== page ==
Please use this identifier to cite or link to this item: https://ktisis.cut.ac.cy/handle/10488/16206
Title: Variability of computational fluid dynamics solutions for pressure and flow in a giant aneurysm: the ASME 2012 Summer Bioengineering Conference CFD Challenge
Authors: Steinman, David A. 
Hoi, Yiemeng 
Fahy, Paul 
Morris, Liam 
Walsh, Michael T 
Aristokleous, Nicolas 
Anayiotos, Andreas 
Papaharilaou, Yannis 
Arzani, Amirhossein 
Shadden, Shawn C 
Berg, Philipp 
Janiga, Gábor 
Bols, Joris 
Segers, Patrick 
Bressloff, Neil W. 
Cibis, Merih 
Gijsen, Frank H 
Cito, Salvatore 
Pallares, Jordi 
Browne, Leonard D 
Costelloe, Jennifer A 
Lynch, Adrian G 
Degroote, Joris 
Vierendeels, Jan 
Fu, Wenyu 
Qiao, Aike 
Hodis, Simona 
Kallmes, David F 
Kalsi, Hardeep 
Long, Quan 
Kheyfets, Vitaly O 
Finol, Ender A 
Kono, Kenichi 
Malek, Adel M 
Lauric, Alexandra 
Menon, Prahlad G. 
Pekkan, Kerem 
Esmaily Moghadam, Mahdi 
Marsden, Alison L 
Oshima, Marie 
Katagiri, Kengo 
Peiffer, Véronique 
Mohamied, Yumnah 
Sherwin, Spencer J 
Schaller, Jens 
Goubergrits, Leonid 
Usera, Gabriel 
Mendina, Mariana 
Valen-Sendstad, Kristian 
Habets, Damiaan F 
Xiang, Jianping 
Meng, Hui 
Yu, Yue 
Karniadakis, George E 
Shaffer, Nicholas 
Loth, Francis 
Major Field of Science: Engineering and Technology
Field Category: Mechanical Engineering
Keywords: Centerlines;Discretizations;Flow byes;Flow instabilities;Flow model;Fluid property;Future challenges;High temporal resolution;In-phase;Measured values;Micro CT;Microcomputed tomography;Phase I;Phase II;Physical model;Pressure patterns;Research groups;Solution strategy;Submillimeters;Systolic pressure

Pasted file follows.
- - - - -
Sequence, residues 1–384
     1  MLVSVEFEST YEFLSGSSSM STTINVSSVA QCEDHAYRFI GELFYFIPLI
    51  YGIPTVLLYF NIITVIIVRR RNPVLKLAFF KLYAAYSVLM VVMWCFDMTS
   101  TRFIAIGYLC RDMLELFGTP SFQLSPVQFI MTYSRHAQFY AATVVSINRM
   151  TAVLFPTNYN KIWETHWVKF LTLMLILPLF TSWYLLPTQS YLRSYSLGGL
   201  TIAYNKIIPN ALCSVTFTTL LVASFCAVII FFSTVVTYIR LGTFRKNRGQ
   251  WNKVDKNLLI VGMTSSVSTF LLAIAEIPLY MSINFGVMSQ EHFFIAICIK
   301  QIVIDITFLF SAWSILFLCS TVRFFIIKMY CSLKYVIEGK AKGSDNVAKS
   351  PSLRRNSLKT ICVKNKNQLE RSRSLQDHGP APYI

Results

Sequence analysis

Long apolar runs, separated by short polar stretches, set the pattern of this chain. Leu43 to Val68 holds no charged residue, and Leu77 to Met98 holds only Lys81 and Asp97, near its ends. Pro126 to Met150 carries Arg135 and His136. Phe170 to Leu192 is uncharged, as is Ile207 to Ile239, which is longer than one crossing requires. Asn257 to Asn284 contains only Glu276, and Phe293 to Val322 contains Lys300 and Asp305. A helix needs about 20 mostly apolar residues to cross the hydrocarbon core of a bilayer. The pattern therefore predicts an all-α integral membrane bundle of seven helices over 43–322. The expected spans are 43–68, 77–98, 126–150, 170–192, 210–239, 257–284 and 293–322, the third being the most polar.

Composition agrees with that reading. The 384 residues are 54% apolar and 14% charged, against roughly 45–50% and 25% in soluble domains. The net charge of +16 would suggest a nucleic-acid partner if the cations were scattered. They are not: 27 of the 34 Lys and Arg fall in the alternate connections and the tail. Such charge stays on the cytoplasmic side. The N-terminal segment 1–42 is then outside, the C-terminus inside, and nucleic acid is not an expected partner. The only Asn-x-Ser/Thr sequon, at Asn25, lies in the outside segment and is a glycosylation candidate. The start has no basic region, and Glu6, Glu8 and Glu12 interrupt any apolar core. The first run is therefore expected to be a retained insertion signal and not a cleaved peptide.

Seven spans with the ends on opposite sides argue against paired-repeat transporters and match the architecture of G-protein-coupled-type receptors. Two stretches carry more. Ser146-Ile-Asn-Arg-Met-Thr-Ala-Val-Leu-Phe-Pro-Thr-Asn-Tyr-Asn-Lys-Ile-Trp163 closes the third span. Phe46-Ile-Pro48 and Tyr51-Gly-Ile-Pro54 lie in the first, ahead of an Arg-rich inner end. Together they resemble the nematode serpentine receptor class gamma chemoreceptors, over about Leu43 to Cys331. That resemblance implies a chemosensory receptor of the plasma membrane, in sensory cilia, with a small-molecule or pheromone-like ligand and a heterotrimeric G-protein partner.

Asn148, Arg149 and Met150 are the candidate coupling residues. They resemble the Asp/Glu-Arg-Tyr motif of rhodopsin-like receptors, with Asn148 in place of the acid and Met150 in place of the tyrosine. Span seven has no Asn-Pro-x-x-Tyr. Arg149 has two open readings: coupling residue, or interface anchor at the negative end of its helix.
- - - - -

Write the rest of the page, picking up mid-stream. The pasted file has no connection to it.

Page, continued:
Issue Date: 2013
Source: Journal of Biomechanical Engineering, 2013, vol. 135, no. 2
Volume: 135
Issue: 2
Journal: Journal of Biomechanical Engineering 
Abstract: Stimulated by a recent controversy regarding pressure drops predicted in a giant aneurysm with a proximal stenosis, the present study sought to assess variability in the prediction of pressures and flow by a wide variety of research groups. In phase I, lumen geometry, flow rates, and fluid properties were specified, leaving each research group to choose their solver, discretization, and solution strategies. Variability was assessed by having each group interpolate their results onto a standardized mesh and centerline. For phase II, a physical model of the geometry was constructed, from which pressure and flow rates were measured. Groups repeated their simulations using a geometry reconstructed from a micro-computed tomography (CT) scan of the physical model with the measured flow rates and fluid properties. Phase I results from 25 groups demonstrated remarkable consistency in the pressure patterns, with the majority predicting peak systolic pressure drops within 8% of each other. Aneurysm sac flow patterns were more variable with only a few groups reporting peak systolic flow instabilities owing to their use of high temporal resolutions. Variability for phase II was comparable, and the median predicted pressure drops were within a few millimeters of mercury of the measured values but only after accounting for submillimeter errors in the reconstruction of the life-sized flow model from micro-CT. In summary, pressure can be predicted with consistency by CFD across a wide range of solvers and solution strategies, but this may not hold true for specific flow patterns or derived quantities. Future challenges are needed and should focus on hemodynamic quantities thought to be of clinical interest.
ISSN: 1528-8951
DOI: 10.1115/1.4023382
Rights: © American Society of Mechanical Engineers
Type: Article
Affiliation : Cyprus University of Technology 
University of Toronto 
Galway Mayo Institute of Technology 
University of Limerick 
Foundation for Research & Technology-Hellas (F.O.R.T.H.) 
Illinois Institute of Technology 
Otto von Guericke University of Magdeburg 
Ghent University 
University of Southampton 
Erasmus MC 
University Rovira i Virgili 
University of Limerick 
Beijing University of Technology 
Mayo Clinic 
Brunel University 
University of Texas at San Antonio 
Wakayama Rosai Hospital 
Tufts Medical Center 
Carnegie Mellon University 
University of California, San Diego 
Tokyo University of Science 
Shibaura Institute of Technology 
Imperial College London 
Charité-Universitätsmedizin Berlin 
Universidad de la República 
State University of New York at Buffalo 
Brown University, Providence 
University of Akron, Akron 
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